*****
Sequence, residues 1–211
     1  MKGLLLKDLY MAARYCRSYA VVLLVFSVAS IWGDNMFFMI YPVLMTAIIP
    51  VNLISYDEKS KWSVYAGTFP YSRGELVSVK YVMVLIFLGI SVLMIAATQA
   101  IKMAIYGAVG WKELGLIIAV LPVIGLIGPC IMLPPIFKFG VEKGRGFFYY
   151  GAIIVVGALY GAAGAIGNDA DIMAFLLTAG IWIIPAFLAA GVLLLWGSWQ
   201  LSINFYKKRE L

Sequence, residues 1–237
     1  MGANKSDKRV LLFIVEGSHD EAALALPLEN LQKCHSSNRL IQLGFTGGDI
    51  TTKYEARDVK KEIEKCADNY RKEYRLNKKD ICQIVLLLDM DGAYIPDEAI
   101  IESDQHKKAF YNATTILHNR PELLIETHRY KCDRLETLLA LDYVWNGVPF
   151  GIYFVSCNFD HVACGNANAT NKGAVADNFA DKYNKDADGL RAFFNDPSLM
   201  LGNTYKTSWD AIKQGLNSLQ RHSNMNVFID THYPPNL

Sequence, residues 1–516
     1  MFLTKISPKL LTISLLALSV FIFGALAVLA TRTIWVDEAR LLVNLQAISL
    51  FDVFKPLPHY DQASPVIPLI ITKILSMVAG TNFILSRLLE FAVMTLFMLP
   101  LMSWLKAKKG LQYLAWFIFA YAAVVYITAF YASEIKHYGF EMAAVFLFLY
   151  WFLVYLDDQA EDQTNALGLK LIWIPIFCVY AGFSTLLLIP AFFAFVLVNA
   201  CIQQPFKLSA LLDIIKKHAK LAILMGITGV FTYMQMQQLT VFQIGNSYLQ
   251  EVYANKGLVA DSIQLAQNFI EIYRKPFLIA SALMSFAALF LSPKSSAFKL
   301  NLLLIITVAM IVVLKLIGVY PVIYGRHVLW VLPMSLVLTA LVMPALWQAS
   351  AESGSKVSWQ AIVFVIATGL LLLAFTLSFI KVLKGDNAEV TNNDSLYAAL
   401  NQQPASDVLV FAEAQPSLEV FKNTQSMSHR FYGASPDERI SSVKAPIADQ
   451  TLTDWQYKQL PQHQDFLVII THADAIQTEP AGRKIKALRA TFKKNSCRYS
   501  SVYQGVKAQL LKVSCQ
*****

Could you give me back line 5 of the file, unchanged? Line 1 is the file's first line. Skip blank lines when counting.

   151  GAIIVVGALY GAAGAIGNDA DIMAFLLTAG IWIIPAFLAA GVLLLWGSWQ